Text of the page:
Saturday, September 14, 2019

The Hooky Map of America



The Hamilton Project at Brookings has created an interactive map which visualizes the rates of chronic absence at every school in the country. Chronic absence is when a student misses 10% or more of school. Students who miss this amount of schooling are academically at risk.

Individual schools on the Chronic Absence Map are colored to show the percentage of the students who have a record of chronic absence. The red markers show the schools with the highest percentage of chronic absence and the yellow markers those with the lowest. If you click on individual schools on the map you can view the school ratings for a number of other educational outcomes, for example math / English proficiency, the student / teacher ratio and the rate of teacher attendance.

The map also looks at community factors that affect learning in each zip-code area. On the map zip-code areas are colored to show the level of community support for learning. Zip-code areas colored light blue have more supportive community conditions and zip-codes areas with a darker blue have less supportive community conditions. The level of community support is defined by such factors as the share of children living in poverty, household medium income and local employment rates.



One community factor that the Brookings' map doesn't consider is the rate of school funding. The amount of money that schools have can obviously effect levels of learning. To find out how much each school district spends on education you can instead refer to another interactive map. NPR has created a map which visualizes how much each school district in the USA spends on individual students. Why America's Schools Have A Money Problem colors each school district based on the level of school spending in the district per individual student.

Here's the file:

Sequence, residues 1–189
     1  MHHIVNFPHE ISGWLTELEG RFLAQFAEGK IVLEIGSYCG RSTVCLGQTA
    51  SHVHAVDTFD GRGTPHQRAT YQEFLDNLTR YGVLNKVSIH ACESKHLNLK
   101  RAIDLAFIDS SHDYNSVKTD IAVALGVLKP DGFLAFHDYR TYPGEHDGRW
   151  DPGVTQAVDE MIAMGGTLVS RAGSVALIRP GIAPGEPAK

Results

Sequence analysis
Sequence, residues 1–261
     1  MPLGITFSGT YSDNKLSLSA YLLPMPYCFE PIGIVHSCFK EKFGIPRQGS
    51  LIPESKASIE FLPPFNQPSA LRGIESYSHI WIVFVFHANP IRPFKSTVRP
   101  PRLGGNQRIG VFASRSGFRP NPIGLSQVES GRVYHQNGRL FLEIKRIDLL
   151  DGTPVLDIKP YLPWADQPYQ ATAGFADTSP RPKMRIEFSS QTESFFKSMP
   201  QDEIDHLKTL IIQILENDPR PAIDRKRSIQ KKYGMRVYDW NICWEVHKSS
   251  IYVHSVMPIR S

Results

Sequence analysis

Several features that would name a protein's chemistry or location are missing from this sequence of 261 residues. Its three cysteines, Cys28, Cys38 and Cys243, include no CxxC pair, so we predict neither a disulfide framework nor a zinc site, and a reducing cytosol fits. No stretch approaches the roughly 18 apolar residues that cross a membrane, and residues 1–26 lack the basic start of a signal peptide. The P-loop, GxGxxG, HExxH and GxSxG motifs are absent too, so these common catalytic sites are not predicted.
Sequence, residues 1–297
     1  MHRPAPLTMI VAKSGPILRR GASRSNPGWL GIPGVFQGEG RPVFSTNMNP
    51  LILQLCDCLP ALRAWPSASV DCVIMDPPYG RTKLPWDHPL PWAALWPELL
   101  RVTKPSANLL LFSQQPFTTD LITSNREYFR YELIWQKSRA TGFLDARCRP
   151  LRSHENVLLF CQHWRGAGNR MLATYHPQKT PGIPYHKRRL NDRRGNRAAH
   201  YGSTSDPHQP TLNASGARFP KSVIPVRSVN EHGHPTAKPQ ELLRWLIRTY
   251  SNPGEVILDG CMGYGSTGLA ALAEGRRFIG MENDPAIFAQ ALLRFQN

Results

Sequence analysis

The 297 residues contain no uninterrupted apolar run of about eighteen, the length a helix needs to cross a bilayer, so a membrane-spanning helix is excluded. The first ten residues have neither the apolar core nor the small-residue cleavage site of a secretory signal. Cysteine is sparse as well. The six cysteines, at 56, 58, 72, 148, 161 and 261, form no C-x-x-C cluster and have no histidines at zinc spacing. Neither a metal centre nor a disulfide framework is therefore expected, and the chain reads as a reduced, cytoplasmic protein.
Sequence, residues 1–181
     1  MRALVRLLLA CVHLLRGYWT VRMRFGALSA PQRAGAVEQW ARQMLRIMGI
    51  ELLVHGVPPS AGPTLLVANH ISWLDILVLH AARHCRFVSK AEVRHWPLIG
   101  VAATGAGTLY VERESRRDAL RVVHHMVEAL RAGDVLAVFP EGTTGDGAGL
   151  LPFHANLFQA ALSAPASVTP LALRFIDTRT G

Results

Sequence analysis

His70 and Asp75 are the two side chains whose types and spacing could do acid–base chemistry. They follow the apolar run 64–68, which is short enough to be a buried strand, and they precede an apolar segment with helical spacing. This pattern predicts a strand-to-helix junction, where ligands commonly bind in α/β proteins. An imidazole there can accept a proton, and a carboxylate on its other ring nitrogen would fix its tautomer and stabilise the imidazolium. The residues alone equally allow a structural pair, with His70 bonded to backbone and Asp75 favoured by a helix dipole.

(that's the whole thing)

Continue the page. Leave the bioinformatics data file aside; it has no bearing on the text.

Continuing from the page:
The map shows that local funding is usually dependent on the levels of local property taxes. If a district has a number of successful businesses contributing a lot of money through property taxes then the school district is more likely to have higher levels of school spending per student. In essence schools in affluent areas are likely to be much better funded that schools in less-affluent areas.

Unfortunately the data on the NPR map is a little old now. The NPR map shows spending per student for each school district in the 2013 fiscal year.

Friday, September 13, 2019

D.C. Under Water


A new interactive map shows the projected flooding which could affect America's National Parks in 2050. Reveal has used data from the National Park Service to show the areas which could be inundated if a category 3 hurricane hit one of America's most popular National Parks.

The interactive map allows you to view the affect of a storm surge on ten of the U.S.'s most popular National Parks. The map includes a slide control which allows you to switch between a visualization of the current high tides and the likely storm surge in 2050, after a category 3 hurricane. The map sidebar includes quick links which will zoom the map to points of interest within the selected National Park.

Maps like this can be very powerful illustrations of the disastrous future effects of climate change. For example the screenshot above shows how the map can be a dramatic visualization of the effects of a storm surge. However I think that this particular map might be more effective with a little more information on the data used to calculate the storm surge levels. I also think some explanation is needed on why the year 2050 was chosen and why a category 3 hurricane could have more disastrous consequences for National Parks in that year as compared to now.


If you want to know how sea level rises will effect all locations in the USA then you can refer to Surging Seas. Climate Central's Surging Seas is one of the best interactive mapped visualizations of the likely effects of climate change. This particular map also includes a much better explanation of what is being shown and why this data is being visualized.